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The power and the challenge for enterprise blockchain initiatives stem from the fact that blockchain, by definition, is an inter-organizational technology. In our recent survey of over 300 senior executives who are closely associated with their organizations’ blockchain initiatives, nearly 70% realize the need to build a multi-organizational ecosystem for their blockchain initiative to be successful (see Exhibit 1). Most others will realize (hopefully soon!) that they chose a blockchain use case that did not require blockchain. Blockchains are also ledgers; it’s just that they are distributed, and merely replacing ledgers is pointless. If the whole purpose of blockchain is to replace another ledger with a blockchain “because we can,” then you should smell the distinct scent of blockchain [email protected]#$. If, however, the problem statement arises from the lack of distributed ledgers where multiple organizational entities need to interact, then blockchain offers value.
Exhibit 1: Blockchain is an inter-organizational technology
* Non-competitive organizations are not direct competitors of the respondent’s organization but play a part in the overall value chain of the blockchain use case
Sample: 318 senior executives (including 111 C-level executives) who are closely associated with their organizations’ blockchain initiatives
Source: HFS Research, 2020
You can only realize the power of blockchain when you can bring people together with a shared goal or objective. Fifty-four percent (54%) of blockchain initiatives require competitive organizations to be a part of the ecosystem to be successful (see Exhibit 1). Until organizations are convinced of the value proposition of the hyperconnected world and a sharing economy, blockchain will struggle to realize the value potential it promises.
Consortiums have become the fashion to create a blockchain network. However, building a consortium is not a novel concept, and consortiums have rarely worked in the past. The blockchain network effect comes into play if all participating entities have a common goal, but the blockchain technology cannot ensure that. It requires complicated collaboration, often across competing organizations—and that is no mean feat to achieve.
So we looked at two relatively successful blockchain initiatives – the Walmart Food Safety initiative and we.trade—with a lens of how they were able to bring together an ecosystem. The approaches are at the opposite ends of the spectrum, but these pioneering initiatives offer some interesting lessons to be learned.
Walmart has been working with IBM on a food safety blockchain solution and wants all its suppliers of leafy green vegetables for Sam’s and Walmart to upload their data to the blockchain, which will allow Walmart to trace the source of food in near real-time instead of weeks. Such a transparent supply chain is good news for the end consumer. But, imagine the challenge of onboarding a myriad of suppliers to this initiative. While Walmart and IBM are doing their best to make the onboarding process relatively straightforward, the suppliers will mostly agree to comply because they are dealing with Walmart—the 800-pound gorilla of the retail industry. Competition has also noticed Albertsons (one of the largest food and drug retailers in the US) and Carrefour (a leading European grocery chain) also joining IBM’s Food Trust Network. The food trust network is a good example where an industry giant (Walmart) used its power and influence in the right way to try and solve an industry-wide challenge and create meaningful value for the end consumer.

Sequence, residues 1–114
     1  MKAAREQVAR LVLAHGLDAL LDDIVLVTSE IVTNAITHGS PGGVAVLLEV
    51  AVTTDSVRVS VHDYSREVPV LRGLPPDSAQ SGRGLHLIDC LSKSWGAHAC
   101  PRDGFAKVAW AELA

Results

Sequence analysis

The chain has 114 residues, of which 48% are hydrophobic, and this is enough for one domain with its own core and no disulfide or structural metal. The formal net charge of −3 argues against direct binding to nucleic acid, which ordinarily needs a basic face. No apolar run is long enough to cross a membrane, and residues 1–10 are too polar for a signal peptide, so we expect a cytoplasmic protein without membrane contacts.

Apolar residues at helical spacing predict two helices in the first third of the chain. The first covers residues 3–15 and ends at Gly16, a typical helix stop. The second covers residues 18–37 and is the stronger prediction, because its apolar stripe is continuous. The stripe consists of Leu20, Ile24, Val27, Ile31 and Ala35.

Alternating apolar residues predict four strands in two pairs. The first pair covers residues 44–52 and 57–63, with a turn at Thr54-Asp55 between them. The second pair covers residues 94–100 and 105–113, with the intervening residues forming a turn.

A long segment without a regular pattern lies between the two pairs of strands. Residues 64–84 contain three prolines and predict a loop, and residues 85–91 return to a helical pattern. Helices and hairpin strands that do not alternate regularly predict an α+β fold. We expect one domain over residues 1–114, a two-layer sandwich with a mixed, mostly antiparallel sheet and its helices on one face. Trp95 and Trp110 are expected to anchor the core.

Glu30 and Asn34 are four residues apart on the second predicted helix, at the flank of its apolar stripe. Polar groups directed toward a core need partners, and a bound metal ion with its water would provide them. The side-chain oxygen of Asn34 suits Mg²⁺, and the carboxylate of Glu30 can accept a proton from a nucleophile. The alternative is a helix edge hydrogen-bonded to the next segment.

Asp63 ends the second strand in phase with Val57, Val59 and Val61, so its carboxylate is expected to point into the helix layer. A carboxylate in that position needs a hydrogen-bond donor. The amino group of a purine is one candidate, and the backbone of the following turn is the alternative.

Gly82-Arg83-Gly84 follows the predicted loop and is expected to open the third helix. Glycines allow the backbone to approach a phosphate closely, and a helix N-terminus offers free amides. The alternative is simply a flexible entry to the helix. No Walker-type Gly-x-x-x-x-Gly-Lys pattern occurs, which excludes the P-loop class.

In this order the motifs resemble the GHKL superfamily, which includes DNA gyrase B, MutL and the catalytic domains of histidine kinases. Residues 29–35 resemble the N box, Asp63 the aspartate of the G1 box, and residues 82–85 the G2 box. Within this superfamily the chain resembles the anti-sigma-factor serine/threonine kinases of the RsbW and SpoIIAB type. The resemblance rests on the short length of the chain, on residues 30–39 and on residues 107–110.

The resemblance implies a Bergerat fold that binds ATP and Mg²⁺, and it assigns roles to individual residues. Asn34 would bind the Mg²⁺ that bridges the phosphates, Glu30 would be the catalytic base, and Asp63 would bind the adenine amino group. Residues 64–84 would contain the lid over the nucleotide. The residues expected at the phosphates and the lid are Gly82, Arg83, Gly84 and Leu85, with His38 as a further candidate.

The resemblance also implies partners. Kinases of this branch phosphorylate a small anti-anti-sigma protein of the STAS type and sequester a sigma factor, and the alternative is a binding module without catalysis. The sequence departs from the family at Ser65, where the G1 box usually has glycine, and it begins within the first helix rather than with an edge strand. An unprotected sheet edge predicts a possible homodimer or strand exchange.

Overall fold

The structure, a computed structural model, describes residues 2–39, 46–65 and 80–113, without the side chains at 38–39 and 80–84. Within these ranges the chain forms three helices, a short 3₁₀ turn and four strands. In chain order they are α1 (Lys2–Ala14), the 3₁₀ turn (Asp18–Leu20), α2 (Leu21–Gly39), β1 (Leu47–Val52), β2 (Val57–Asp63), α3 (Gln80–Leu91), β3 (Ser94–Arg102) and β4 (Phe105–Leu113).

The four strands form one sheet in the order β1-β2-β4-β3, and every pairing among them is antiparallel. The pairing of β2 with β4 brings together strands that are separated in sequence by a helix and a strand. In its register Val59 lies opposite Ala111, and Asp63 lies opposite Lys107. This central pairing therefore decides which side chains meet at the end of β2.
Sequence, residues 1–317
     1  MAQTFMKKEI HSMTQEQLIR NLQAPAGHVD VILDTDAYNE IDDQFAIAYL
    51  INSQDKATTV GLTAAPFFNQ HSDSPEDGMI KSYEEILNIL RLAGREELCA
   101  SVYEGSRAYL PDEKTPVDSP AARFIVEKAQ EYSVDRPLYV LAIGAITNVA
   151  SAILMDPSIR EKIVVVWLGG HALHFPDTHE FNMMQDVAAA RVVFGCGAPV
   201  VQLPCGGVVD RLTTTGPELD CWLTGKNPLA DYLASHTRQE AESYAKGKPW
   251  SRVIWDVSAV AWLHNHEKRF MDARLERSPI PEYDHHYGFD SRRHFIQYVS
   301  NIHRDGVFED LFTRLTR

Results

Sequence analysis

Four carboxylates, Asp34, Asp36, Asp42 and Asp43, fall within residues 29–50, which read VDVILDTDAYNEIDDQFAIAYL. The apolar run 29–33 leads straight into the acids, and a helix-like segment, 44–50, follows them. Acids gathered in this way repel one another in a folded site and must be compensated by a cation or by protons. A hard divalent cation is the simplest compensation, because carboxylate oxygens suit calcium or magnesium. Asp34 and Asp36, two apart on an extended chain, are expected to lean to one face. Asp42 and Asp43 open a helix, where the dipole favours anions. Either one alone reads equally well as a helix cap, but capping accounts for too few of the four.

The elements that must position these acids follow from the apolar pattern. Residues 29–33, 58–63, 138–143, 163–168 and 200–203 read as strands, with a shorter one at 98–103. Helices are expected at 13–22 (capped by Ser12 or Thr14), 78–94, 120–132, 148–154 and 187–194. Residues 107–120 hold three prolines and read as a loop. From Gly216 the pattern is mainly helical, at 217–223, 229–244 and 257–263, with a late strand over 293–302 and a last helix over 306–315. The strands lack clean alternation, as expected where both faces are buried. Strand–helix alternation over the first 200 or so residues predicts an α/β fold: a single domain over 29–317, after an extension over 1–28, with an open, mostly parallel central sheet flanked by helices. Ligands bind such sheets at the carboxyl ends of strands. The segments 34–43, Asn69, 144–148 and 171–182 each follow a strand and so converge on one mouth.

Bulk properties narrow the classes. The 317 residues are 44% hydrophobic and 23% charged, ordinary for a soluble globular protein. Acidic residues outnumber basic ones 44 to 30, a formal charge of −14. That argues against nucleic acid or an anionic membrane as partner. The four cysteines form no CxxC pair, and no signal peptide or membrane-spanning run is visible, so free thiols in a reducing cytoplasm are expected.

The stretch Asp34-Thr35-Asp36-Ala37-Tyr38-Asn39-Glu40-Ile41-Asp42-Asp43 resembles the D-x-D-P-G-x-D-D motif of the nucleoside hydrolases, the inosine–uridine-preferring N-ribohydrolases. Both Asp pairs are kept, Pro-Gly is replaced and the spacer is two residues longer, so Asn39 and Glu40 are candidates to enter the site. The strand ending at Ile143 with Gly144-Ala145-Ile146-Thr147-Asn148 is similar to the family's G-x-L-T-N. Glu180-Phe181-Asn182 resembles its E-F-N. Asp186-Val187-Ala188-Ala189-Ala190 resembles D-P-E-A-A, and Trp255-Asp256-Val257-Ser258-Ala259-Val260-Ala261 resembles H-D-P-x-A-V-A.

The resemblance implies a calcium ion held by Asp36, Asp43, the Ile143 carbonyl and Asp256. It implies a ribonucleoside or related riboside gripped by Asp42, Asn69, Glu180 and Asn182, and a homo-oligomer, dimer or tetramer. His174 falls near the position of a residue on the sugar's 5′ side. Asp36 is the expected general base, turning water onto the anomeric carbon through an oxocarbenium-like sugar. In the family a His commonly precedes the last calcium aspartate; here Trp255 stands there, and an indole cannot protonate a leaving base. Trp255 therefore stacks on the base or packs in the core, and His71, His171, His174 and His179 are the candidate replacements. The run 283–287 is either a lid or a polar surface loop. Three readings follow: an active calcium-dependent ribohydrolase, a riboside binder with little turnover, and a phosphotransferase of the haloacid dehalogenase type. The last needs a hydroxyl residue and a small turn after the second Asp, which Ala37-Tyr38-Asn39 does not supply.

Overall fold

Around three years ago, a group of eight banks in Europe including Deutsche Bank, HSBC, KBC, Natixis, Rabobank, Société Générale, and UniCredit joined forces to create a Digital Trade Consortium (DTC). The idea was to use blockchain to simplify international trade for small and medium enterprises, and they hired IBM to build them one. But, soon, this original pack of founding members realized that the solution would not scale if they restricted it among themselves. They hunted for other banking institutions to join them, resulting in the launch of we.trade, which boasts 14 banking partners today. We.trade has been live in production since 2018 and experienced consistent transaction growth of an average of 38% per month throughout 2019. It’s an excellent example of how a group of companies hunted in a pack to expand their influence and create that elusive network effect.
Without a roadmap to build an ecosystem, you’ll be left with a white elephant—a beautiful and useless blockchain POC. These beasts are running amok in the blockchain world! But the underlying technology is not to blame—the lack of a strategic mindset to build an ecosystem is.